Date of Award

2014

Degree Type

Dissertation

Degree Name

Doctor of Philosophy (PhD)

Department

Philosophy

Abstract

This work examines the concept of function in both biological organisms and designed artifacts. Function is routinely attributed within both kinds of systems, yet it is unclear whether it can mean the same thing within each, and indeed whether function attribution within natural systems is legitimate at all. Function is typically understood to have teleological content; yet in true teleological causation, the end is somehow the cause of its own means. In artifacts the consciously envisioned design of an artifact is taken to be the cause of its parts and their roles. Yet in naturalistic science there is no prior design of organisms, and efficient cause works only in the opposite direction.

Three major approaches to function theory in contemporary analytic philosophy are examined in turn: etiological, systemic effects, and contributions. In addition a novel properties approach is proposed. It is seen that while the etiological approach promises to preserve an account of strongly teleological natural function, it is in fact unable to do so. The systemic effects approach, meanwhile, is found to not attribute function with adequate precision, nor to apply at all to contexts involving intention. The contributions account will be seen to require substantial modification to enable it to attribute function with sufficient discretion, including the necessity of distinguishing function performance from function possession, resulting in the novel Assigned Contribution theory. Finally, an entirely new approach to function informed by emergence theory is advanced. It is posited that functional parts are those whose properties not only serve the whole, but whose properties have been constrained by the whole of which they are a part.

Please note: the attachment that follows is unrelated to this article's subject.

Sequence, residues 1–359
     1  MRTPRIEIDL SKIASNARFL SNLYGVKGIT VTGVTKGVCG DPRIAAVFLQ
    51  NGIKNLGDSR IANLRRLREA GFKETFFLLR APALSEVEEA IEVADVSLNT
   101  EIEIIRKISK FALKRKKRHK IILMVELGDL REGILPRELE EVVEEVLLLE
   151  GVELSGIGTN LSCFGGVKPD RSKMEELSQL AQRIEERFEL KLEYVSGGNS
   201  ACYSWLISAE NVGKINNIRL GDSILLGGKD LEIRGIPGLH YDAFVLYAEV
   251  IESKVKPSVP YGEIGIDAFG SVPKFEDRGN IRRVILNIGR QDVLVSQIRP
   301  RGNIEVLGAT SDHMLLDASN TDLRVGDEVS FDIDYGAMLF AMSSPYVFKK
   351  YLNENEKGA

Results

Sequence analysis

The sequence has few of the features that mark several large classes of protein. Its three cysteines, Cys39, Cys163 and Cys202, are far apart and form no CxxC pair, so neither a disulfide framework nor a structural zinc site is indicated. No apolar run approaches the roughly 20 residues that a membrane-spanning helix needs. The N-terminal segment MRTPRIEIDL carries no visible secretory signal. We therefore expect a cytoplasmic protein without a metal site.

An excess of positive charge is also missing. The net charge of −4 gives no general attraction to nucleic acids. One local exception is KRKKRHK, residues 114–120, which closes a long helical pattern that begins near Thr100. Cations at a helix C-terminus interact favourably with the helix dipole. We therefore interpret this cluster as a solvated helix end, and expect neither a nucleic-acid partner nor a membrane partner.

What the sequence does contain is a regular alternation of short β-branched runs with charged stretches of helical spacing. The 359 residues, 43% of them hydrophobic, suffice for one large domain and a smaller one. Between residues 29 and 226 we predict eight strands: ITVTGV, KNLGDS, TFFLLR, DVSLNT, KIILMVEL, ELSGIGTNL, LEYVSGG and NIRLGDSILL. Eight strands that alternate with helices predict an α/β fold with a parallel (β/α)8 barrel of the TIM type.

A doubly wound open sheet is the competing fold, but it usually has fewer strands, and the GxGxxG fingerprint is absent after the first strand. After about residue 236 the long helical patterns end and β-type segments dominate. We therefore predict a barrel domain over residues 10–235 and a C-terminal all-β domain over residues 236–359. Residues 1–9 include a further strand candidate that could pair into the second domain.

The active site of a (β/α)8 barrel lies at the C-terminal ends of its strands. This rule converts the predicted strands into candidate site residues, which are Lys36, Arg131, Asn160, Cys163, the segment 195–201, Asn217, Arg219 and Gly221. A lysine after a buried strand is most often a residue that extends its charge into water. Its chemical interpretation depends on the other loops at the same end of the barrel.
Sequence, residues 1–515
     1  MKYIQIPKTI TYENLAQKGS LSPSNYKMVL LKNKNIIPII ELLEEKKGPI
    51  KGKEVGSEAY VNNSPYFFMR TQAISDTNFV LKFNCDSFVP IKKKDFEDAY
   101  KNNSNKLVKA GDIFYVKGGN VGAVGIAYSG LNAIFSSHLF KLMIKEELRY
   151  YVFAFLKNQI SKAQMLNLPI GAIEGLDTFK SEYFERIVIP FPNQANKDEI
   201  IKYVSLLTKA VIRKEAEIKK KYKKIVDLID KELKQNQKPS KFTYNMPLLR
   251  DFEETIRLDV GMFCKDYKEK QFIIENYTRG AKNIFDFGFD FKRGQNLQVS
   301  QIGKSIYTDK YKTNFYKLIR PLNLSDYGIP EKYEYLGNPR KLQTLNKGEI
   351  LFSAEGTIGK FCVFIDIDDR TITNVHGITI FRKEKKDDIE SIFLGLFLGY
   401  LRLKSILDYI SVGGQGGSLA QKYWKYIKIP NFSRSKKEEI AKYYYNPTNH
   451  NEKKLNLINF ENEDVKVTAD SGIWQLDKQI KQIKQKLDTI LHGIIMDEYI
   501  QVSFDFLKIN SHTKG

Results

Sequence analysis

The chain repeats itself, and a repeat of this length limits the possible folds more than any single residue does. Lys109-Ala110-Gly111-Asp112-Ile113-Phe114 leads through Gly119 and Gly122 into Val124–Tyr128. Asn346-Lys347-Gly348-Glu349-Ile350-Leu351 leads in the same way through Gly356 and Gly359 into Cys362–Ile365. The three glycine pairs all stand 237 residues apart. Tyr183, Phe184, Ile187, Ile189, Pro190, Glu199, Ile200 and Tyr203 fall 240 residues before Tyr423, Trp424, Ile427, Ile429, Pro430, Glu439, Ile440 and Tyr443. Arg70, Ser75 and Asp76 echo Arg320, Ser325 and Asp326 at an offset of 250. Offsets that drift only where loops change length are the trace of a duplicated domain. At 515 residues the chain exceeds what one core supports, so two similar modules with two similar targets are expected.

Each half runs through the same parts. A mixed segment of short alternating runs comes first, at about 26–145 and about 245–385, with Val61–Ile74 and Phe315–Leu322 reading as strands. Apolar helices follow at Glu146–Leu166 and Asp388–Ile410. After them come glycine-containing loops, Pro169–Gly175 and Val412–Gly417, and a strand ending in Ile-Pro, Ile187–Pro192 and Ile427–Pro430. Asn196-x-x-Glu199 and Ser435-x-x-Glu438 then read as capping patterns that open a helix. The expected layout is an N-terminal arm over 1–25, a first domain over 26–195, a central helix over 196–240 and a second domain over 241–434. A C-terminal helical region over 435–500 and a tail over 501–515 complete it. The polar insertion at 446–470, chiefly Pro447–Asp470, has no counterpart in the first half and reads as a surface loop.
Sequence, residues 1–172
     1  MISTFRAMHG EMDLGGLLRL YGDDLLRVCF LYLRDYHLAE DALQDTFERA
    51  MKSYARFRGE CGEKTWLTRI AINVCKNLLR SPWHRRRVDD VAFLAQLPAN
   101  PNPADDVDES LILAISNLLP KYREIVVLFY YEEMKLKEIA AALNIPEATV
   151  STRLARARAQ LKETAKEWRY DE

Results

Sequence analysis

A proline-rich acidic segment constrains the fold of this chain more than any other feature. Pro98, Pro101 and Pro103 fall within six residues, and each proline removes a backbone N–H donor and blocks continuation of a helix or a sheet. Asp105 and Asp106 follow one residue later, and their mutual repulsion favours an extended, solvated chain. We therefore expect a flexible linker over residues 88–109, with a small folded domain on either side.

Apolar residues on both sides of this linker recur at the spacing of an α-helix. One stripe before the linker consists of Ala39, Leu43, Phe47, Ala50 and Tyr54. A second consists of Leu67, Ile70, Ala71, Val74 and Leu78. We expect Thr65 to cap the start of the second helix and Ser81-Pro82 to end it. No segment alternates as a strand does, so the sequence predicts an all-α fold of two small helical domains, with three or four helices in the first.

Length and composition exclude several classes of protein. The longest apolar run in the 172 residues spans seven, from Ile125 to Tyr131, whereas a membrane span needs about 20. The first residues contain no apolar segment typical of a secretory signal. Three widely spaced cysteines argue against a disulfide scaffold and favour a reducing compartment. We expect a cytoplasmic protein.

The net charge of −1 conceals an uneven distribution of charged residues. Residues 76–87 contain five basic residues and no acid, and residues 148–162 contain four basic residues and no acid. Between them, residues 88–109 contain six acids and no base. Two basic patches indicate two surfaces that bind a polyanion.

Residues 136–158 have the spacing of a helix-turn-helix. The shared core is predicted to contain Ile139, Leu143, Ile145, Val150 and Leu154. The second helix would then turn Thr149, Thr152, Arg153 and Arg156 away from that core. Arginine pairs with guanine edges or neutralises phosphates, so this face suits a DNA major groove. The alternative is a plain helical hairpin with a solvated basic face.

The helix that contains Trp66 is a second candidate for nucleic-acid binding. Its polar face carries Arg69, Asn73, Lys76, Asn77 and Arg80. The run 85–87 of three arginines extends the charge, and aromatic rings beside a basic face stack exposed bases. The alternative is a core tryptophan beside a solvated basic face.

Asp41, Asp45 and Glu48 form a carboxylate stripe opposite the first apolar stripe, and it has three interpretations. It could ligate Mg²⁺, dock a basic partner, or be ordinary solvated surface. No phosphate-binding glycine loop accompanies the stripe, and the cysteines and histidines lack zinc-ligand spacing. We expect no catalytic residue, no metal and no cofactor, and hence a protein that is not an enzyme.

The four approaches to function will be seen to themselves turn on four different interpretations of teleology. Ultimately, the choice of function theory will be seen to rest on whether non-intentional teleology is a coherent metaphysical possibility. If it is, the properties approach offers important advantages. If it is not, the Assigned Contributions approach is superior. Yet even in this case, the properties approach shows enough promise as a full theory of function to merit further development.

Creative Commons License

Creative Commons License
This work is licensed under a Creative Commons Attribution-Noncommercial-No Derivative Works 3.0 License.

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